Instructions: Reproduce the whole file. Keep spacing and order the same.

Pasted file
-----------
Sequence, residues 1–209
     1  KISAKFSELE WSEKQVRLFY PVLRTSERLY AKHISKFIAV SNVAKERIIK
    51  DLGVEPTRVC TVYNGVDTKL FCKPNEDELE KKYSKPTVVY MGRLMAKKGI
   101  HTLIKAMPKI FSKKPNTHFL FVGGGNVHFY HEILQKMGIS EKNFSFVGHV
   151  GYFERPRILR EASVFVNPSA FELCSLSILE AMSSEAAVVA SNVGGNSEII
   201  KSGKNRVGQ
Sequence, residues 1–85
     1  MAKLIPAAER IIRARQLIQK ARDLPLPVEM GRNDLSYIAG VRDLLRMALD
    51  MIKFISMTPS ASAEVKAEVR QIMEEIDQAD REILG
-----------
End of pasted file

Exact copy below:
Sequence, residues 1–209
     1  KISAKFSELE WSEKQVRLFY PVLRTSERLY AKHISKFIAV SNVAKERIIK
    51  DLGVEPTRVC TVYNGVDTKL FCKPNEDELE KKYSKPTVVY MGRLMAKKGI
   101  HTLIKAMPKI FSKKPNTHFL FVGGGNVHFY HEILQKMGIS EKNFSFVGHV
   151  GYFERPRILR EASVFVNPSA FELCSLSILE AMSSEAAVVA SNVGGNSEII
   201  KSGKNRVGQ
Sequence, residues 1–85
     1  MAKLIPAAER IIRARQLIQK ARDLPLPVEM GRNDLSYIAG VRDLLRMALD
    51  MIKFISMTPS ASAEVKAEVR QIMEEIDQAD REILG